The supply comes from both legal and illegal sources. I will encourage closer scrutiny of legal manufacturers and suppliers. I will be sure Alaska’s Attorney General holds those profiting from sales in Alaska accountable for their part in any misuse or abuse. I will support law enforcement agencies in their work to choke off illegal supply chains and push for the harshest penalties for all parties who attempt to bring illegal prescription or illicit drugs into Alaska.

Demand: Addiction is a major problem to which there is no easy fix. However, some agencies are making headway in dealing with the various causes of addiction, and I will strongly support them in their work. Also, I believe education is a fundamental weapon in the war against any social ill including addiction. I will remain steadfast in my support of early education.

Q • Is the state doing a fair job of allocating cruise ship tax funds to communities affected by the industry? How can the program be improved?

A • If a substantial population of a cruise ship port of call community is feeling a burden due to the cruise ships’ presence and that burden is without fair and equitable compensation then an issue exists. If the community cannot negotiate with the cruise ship line to resolve the issue because of a legal obligation to the state then the state should step in to help the community. I admit I am unaware of any substantial shortcoming in the way the state allocates funds to Southeast communities from either the Commercial Passenger Vessel Excise tax (CPV) or the Commercial Passenger Vessel Environmental Compliance Fund. However, as a representative, I would consider any such issue to be my responsibility.

That said, if current ports of call schedules are different from those that existed when the CPV was changed in 2010 then I would seek to re-evaluate the statutes with the solicited input from every community in the district.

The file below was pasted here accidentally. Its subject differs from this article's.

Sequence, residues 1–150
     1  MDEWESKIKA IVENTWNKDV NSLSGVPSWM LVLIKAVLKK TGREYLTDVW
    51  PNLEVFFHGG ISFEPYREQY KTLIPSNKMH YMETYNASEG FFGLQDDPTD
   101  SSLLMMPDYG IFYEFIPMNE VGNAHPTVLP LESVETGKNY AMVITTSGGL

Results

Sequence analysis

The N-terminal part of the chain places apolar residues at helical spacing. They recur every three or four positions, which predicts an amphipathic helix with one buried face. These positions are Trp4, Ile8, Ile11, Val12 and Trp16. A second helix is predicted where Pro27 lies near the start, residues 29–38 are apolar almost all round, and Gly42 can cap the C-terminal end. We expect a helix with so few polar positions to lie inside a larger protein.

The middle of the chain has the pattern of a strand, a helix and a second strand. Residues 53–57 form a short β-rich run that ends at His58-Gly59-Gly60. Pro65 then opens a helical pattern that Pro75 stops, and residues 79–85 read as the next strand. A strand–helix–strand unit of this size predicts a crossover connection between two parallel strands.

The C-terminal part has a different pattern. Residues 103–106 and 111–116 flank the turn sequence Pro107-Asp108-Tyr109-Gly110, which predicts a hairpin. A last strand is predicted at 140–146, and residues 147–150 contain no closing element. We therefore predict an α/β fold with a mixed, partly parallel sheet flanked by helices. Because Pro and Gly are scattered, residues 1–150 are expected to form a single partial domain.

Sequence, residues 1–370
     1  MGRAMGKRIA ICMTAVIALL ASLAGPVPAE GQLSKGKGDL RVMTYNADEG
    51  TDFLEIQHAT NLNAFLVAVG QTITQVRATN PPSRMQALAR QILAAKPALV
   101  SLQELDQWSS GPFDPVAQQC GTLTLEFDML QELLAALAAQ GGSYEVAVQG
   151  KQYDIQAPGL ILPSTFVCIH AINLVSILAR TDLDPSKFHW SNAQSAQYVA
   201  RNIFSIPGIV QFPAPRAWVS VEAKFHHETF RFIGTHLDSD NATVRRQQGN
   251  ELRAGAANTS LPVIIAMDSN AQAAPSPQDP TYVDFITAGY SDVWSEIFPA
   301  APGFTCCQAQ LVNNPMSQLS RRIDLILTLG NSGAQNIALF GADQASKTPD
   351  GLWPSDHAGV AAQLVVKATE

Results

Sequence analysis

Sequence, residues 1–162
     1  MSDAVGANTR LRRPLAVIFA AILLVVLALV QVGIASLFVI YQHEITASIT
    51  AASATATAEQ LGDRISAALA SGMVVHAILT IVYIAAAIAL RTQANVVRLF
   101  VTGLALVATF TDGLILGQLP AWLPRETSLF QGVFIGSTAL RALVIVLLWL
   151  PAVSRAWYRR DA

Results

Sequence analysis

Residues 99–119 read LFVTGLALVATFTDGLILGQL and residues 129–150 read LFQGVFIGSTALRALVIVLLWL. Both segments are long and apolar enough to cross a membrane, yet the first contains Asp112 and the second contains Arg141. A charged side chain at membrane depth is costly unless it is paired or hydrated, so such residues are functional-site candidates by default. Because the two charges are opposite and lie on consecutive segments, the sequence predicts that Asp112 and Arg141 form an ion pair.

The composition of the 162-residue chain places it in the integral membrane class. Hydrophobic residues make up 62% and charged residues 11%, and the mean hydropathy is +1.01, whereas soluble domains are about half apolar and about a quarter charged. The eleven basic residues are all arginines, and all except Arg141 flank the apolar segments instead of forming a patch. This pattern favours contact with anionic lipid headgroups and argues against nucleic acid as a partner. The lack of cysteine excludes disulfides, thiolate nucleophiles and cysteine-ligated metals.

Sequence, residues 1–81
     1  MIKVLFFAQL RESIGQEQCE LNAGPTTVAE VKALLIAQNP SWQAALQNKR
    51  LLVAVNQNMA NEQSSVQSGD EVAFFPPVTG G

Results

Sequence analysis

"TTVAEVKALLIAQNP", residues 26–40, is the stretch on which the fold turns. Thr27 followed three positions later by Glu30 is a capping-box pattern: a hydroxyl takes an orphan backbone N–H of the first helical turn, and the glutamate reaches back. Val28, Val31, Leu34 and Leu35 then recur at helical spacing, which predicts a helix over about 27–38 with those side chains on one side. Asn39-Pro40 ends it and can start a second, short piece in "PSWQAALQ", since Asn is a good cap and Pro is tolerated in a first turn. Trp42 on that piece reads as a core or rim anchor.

Q • Do you agree with the Record of Decision on the Juneau Access project, and the governor’s support for the no-action alternative?  If yes, what is your plan to improve ferry service in Lynn Canal and throughout the system?  If no, will you support a new EIS for a road project? Please explain your reasons.

A • Yes. Community consensus was insufficient to dedicate the amount necessary to extend the road a few miles to another ferry terminal. I will consult with the transportation experts who know what exists, what is needed, and how to close the gap between the two. They are the experts, politicians are not. The state must work to improve the flow and help to reduce the cost of moving people and goods in and out of Southeast Alaska.

Q • What other priorities do you have, should you be elected?

A • 1) Transparency of government is of major concern to me. I will openly solicit input from every precinct and strongly encourage active participation of constituents.
2) Alaskans must start now to rethink its dependency on petroleum and gas as source of income. I will push for investment in renewable energy and Alaskan entrepreneurs. We must make every effort to realize the benefits of alternative energy technologies. This focus will provide high-paying jobs, drive in-state education in those fields, and provide lower long-term costs and better environmental treatment.

Sara Hannan

Q • How will you work to combat the opioid/opiate crisis within the state?

A • I will fight for all health insurance to cover behavioral health treatment programs. We must increase the community based support services that deliver medically assisted treatment and other outpatient services. We must enhance prevention and early intervention programs to slow the growth of this epidemic.

Q • Is the state doing a fair job of allocating cruise ship tax funds to communities affected by the industry? How can the program be improved?

A • The state is following the current law regarding sharing the Commercial Passenger Vessel tax with local municipalities. The “unshared” portion of the state revenues could be allocated to the “Regional Cruise Ship Impact Fund” for use in communities that do not receive a municipal share.

Q • Do you agree with the Record of Decision on the Juneau Access project, and the governor’s support for the no-action alternative? If yes, what is your plan to improve ferry service in Lynn Canal and throughout the system? If no, will you support a new EIS for a road project? Please explain your reasons.